“Income management is a disgusting waste of funds when our communities are in such desperate need. The Intervention was supposed to stop the social problems like substance abuse. But I live with these problems every day and they are just getting worse and worse as our people are disempowered and made unemployed.” Said Ms Shaw.
“Many people are being forced to work for the dole and income management. How is this getting people off the welfare system? We need jobs and social services, not income management”, said Ms Shaw.
But in spite of the degradation many Aboriginal people continue to face we are uniting to fight back with supporter’s right around the country continuing the demand for an end to the Interventions.
The Federal Government argues that compulsory income management assists ‘at-risk’ families and individuals: by ensuring payments are spent on ‘essentials’, improving health outcomes for clients and their children; and by encouraging better financial and money-management skills.
However, there is no solid evidence that this policy achieves its goals. The expansion of compulsory income management beyond the Northern Territory, where it has operated since 2007, comes despite the Commonwealth Parliamentary Library’s 2012 paper on the topic concluding that there is “an absence of evidence adequate data relating to the effectiveness or otherwise of income management”.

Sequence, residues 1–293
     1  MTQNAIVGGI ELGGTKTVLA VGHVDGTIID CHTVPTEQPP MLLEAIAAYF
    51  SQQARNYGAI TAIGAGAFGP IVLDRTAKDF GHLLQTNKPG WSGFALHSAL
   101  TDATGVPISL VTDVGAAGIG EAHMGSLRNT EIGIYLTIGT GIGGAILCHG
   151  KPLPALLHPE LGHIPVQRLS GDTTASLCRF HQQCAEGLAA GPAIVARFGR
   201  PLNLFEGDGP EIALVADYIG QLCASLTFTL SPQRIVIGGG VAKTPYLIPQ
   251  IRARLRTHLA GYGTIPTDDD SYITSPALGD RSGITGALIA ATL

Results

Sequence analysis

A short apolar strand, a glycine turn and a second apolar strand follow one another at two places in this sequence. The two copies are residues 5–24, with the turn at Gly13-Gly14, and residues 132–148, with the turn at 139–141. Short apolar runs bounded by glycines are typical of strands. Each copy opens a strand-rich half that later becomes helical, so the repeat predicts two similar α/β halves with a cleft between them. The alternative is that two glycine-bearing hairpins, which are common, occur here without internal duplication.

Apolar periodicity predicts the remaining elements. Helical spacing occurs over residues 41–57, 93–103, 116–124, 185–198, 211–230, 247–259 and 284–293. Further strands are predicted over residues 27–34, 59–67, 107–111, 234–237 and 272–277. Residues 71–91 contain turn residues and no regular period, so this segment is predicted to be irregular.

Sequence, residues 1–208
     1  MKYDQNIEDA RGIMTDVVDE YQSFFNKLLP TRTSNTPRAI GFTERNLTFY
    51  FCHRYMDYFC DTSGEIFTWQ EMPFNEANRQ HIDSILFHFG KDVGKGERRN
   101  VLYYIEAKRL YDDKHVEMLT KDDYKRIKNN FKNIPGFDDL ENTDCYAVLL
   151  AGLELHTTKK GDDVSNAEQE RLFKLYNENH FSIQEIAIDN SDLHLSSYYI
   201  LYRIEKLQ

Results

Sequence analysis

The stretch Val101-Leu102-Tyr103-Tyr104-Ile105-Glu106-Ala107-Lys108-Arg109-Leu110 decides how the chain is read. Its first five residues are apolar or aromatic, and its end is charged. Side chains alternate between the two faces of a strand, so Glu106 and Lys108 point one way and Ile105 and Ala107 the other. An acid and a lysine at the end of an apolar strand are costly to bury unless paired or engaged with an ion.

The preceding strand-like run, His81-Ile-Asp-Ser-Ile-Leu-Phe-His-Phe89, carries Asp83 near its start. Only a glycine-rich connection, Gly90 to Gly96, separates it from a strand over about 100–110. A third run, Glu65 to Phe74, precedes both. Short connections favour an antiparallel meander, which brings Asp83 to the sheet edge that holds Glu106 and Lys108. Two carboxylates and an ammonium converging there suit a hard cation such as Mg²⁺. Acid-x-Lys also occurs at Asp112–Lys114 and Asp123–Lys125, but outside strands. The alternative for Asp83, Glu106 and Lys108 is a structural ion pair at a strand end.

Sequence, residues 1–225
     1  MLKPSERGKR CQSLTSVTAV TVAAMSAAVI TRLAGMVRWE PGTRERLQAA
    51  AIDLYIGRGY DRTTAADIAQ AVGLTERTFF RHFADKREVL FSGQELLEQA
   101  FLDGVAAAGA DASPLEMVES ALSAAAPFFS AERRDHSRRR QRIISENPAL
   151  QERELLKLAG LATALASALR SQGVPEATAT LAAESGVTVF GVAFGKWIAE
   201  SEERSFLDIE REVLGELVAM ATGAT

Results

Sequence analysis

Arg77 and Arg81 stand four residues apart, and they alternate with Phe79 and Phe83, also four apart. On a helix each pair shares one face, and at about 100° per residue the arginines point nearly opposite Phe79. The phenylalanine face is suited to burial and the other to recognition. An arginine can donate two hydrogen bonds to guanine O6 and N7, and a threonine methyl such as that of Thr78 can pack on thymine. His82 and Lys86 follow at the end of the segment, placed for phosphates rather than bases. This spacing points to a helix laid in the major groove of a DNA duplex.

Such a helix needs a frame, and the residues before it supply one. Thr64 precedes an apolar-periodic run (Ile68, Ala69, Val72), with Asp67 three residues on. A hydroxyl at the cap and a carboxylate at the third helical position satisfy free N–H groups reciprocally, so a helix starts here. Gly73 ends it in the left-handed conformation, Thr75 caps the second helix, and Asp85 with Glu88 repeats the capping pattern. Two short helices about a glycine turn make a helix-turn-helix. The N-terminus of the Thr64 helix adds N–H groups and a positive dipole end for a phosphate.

The Menzies School of Health’s 2010 study into compulsory income management and spending patterns identified no significant changes regarding the consumption of alcohol, cigarettes, and soft drink, nor to fresh fruit and vegetables. Instead, it is feared that this heavy-handed intervention will humiliate already-stressed clients and further entrench dependency.
The Playford compulsory income management scheme, at an estimated cost of $4,600 per recipient (or $4.6 million overall) annually, wastes precious resources that could fund more anti-addiction programs, family and personal therapy, financial counselling, nutrition education, and other programs that build the capacity of disadvantaged families and individuals.
In 2011, 5 years on from the forced NT Intervention, the statistics show a very sad state of affairs:
Child welfare: 69% increase in children getting taken into out of home care since 2007. Most are cases of “neglect”, which is occurring at a rate far higher than other jurisdictions (Closing the Gap monitoring report part 2), and can in many cases be attributed to extreme poverty.
The NT has lowest rate of “out of home care” placement with Aboriginal families in Australia, less than 20% (Productivity Commission annual report on government services).
There is no evidence of substantial improvements in the welfare of children in the NT. Indeed, the Closing the Gap monitoring report part 2 details some worrying statistics which indicate a break with long-term trends towards improvement that have been evident since 2000, including: